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MHRP's Top Highlights of 2019

December 23, 2019

MHRP is counting down the top five program highlights of the year in the areas of HIV vaccine development, cure research and global health promotion. Check back each day as we count down to number one:

MHRP’s partner sites in Uganda, Kenya and Tanzania have enrolled more than 65,000 young women in PEPFAR’s DREAMS public-partnership initiatives. This program aims to keep them Determined, Resilient, Empowered, AIDS-free, Mentored and Safe through education, vocational training and other evidence-based interventions. The pictured Tanzanian women are going through training to become mechanics in the hopes that their new skills will someday generate income.

MHRP implements PEPFAR programs alongside local partners in civilian and military communities. This has helped MHRP build strong and trusting relationships  in communities where we conduct research, and has also developed sustainable local healthcare capacity to address HIV and other medical programs. As of 2019, MHRP and partners provide lifesaving antiretroviral treatment to more than 350,000 individuals with PEPFAR support.

Three neutralizing antibody lineages were identified in an HIV-infected individual, insights which may help inform vaccine design. Researchers analyzed longitudinal samples from an HIV infected individual who was part of MHRP’s RV217 acute infection cohort, a multi-site study led by MHRP in East Africa that has captured samples from some of the earliest stages of HIV infection. Antibodies in this individual targeted the membrane-proximal external region (MPER) of the HIV-1 envelope, a site of vulnerability that may hold promise as a potential HIV vaccine target. The findings were published in the journal Immunity.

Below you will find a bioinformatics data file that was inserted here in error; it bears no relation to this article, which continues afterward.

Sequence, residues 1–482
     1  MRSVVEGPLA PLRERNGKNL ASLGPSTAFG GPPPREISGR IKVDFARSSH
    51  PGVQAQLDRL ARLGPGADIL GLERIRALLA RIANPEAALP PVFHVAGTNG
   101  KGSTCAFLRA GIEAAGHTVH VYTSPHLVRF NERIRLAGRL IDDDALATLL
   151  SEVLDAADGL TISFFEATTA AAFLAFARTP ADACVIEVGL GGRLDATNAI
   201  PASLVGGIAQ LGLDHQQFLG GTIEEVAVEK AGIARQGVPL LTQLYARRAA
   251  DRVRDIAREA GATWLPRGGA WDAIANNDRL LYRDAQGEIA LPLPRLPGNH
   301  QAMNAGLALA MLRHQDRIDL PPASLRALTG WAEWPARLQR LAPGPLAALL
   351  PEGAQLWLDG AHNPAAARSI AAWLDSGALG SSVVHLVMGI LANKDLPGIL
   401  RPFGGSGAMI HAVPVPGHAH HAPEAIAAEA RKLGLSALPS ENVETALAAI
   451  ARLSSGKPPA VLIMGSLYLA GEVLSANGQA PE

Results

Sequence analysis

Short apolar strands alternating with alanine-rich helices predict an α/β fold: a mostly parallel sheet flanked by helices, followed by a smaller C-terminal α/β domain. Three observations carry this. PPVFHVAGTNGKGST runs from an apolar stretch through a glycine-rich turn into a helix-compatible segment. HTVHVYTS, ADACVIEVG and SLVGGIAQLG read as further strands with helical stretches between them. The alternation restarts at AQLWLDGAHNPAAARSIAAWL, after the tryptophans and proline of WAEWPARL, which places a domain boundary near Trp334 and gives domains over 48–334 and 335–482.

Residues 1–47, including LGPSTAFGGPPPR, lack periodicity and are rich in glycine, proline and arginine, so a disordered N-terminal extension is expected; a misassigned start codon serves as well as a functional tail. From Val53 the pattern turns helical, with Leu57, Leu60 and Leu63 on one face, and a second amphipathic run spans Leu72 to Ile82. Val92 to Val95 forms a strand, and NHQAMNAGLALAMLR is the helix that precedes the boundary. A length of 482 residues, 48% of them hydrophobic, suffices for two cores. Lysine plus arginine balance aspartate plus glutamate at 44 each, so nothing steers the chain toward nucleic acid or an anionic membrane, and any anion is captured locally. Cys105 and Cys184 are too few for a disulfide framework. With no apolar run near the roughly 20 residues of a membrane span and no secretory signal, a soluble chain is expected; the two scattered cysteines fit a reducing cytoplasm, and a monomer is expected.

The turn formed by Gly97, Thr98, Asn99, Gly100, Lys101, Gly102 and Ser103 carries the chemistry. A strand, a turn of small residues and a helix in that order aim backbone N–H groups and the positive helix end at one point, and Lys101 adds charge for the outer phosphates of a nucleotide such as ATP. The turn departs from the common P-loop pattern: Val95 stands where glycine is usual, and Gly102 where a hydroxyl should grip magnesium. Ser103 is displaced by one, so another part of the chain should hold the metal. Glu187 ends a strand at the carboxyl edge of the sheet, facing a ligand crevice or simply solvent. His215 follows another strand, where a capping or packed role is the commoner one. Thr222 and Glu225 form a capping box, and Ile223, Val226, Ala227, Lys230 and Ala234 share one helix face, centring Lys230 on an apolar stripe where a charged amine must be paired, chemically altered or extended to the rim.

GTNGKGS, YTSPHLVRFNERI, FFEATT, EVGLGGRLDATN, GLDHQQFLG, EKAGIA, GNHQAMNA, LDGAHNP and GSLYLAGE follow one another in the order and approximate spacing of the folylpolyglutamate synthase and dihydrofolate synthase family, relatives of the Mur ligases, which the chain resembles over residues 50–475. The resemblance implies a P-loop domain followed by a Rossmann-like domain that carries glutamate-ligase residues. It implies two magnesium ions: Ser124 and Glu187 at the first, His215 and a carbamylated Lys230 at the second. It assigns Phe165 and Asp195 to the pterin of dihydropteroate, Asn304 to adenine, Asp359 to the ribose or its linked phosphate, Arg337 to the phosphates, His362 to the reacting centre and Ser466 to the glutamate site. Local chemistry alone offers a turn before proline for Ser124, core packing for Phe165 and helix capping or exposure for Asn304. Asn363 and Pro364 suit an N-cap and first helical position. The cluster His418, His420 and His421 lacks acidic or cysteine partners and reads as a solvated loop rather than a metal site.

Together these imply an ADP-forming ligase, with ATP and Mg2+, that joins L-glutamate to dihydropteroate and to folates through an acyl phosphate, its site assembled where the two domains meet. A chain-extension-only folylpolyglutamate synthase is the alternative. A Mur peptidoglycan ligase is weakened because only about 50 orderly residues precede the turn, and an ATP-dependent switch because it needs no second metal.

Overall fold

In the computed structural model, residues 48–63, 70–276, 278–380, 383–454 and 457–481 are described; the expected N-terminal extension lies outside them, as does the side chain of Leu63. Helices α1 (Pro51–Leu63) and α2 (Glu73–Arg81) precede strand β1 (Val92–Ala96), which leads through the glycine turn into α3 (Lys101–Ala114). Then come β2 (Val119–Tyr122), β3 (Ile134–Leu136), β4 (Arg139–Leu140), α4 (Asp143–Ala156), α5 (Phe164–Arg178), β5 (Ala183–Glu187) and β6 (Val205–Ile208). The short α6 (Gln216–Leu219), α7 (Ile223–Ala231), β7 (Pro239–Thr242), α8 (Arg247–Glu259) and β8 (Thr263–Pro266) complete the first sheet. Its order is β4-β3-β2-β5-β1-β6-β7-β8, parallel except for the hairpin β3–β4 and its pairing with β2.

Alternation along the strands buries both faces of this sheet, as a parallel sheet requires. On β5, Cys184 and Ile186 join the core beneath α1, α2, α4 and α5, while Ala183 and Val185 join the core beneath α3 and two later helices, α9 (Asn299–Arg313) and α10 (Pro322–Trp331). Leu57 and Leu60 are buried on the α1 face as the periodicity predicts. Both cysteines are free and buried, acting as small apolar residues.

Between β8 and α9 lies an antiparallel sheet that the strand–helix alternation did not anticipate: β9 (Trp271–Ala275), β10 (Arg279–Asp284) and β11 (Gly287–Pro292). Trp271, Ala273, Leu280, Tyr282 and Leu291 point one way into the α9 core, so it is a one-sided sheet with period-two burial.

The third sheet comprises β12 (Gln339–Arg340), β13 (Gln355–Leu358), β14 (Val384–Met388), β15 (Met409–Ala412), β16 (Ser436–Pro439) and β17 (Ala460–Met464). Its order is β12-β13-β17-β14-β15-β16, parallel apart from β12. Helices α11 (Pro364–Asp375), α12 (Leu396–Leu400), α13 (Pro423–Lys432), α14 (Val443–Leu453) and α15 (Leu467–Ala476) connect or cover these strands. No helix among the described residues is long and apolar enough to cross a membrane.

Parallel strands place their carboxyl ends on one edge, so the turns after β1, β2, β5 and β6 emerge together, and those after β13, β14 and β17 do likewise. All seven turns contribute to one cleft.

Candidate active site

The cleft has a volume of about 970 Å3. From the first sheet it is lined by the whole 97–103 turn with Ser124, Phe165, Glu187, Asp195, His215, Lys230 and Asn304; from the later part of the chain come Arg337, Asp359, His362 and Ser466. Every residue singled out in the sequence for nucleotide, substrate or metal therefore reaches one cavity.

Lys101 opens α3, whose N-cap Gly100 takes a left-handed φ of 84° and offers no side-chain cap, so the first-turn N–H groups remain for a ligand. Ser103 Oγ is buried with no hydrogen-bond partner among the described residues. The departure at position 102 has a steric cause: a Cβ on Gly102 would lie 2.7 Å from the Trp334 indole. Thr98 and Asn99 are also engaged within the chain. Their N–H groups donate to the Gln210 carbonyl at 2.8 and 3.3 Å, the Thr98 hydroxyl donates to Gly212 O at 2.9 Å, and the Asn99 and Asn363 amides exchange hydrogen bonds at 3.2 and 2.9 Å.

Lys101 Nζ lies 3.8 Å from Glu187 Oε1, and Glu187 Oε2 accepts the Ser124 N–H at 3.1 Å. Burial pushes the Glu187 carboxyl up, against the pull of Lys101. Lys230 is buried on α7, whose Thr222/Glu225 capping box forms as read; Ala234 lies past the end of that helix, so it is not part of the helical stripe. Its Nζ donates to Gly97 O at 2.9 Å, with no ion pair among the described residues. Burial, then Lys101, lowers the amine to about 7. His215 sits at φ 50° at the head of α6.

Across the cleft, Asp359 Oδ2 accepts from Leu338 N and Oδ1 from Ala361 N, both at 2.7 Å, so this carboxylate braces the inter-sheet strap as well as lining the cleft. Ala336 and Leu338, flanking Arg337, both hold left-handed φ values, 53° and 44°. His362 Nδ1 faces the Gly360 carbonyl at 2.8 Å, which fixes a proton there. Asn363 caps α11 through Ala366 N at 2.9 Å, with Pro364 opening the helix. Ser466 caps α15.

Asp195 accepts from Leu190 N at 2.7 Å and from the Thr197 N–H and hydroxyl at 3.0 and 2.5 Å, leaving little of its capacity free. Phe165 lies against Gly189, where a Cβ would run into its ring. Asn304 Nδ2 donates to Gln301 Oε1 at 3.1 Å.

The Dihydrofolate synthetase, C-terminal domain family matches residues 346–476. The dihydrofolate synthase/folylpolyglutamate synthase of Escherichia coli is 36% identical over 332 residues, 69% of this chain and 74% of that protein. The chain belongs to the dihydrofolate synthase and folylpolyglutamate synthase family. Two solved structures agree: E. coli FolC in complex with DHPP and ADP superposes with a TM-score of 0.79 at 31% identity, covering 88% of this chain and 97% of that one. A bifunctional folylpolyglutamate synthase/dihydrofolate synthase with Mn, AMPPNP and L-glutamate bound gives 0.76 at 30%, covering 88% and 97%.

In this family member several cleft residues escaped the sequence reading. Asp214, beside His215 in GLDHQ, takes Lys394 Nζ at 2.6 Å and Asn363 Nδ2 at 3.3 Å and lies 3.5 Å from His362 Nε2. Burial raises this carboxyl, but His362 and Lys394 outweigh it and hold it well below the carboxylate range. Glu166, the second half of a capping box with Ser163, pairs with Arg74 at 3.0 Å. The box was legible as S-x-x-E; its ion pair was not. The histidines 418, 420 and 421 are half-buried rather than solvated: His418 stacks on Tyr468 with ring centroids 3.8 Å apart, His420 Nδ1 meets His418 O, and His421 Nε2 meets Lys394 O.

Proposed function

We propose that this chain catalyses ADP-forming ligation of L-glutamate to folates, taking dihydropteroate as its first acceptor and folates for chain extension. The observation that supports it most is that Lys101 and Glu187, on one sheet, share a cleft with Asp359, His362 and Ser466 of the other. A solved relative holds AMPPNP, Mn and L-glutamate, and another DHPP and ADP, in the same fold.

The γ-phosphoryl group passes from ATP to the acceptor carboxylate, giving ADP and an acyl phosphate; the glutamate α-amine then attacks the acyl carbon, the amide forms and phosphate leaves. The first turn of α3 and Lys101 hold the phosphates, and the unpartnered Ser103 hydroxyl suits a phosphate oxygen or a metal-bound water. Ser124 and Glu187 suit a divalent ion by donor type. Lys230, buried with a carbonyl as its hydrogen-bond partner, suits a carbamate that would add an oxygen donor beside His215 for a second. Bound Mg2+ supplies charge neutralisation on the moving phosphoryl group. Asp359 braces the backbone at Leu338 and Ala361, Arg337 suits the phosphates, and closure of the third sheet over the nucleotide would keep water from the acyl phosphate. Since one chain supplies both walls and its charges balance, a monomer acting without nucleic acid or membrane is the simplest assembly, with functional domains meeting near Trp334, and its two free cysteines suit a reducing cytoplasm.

Infusion of a broadly neutralizing antibody (bNAb) in virally suppressed, early treated volunteers was associated with a modestly delayed rebound of HIV after interruption of antiretroviral therapy (ART). The study, the first randomized controlled trial to demonstrate this effect of VRC01, was led by the MHRP and the Thai Red Cross AIDS Research Centre. The study is part of a portfolio of MHRP’s HIV remission research that seeks to find treatments to suppress the virus without a need for lifelong ART. Researchers evaluated the use of VRC01 in a small cohort of Thai men (RV254) who were diagnosed and initiated ART within the first month of HIV infection, and who had been virally suppressed for about three years.  Results were published in the Lancet HIV.

MHRP scientists identified a transcriptional signature in B cells associated with protection from SIV or HIV infection in five independent studies of HIV-1 vaccine candidates. The gene expression signature was found to correlate with protection in the only human HIV vaccine trial that previously showed modest efficacy, the WRAIR-led RV144. This new correlate of protection provides a clue as to why the vaccines were partially protective previously and may help to understand the mechanisms of efficacy in ongoing efficacy studies. Results were published in Science Translational Medicine.

In the 1990s, MHRP developed a family of new adjuvants called the Army Liposome Formulation (ALF), and the ALFQ recently was awarded a patent. Adjuvants are vaccine components that help activate the immune system and improve immune responses. MHRP will be evaluating the effect of these promising new compounds on vaccine responses in various HIV vaccine clinical trials in Kenya and Thailand in 2020. It will also be tested with vaccines for malaria, enteric diseases and heroin.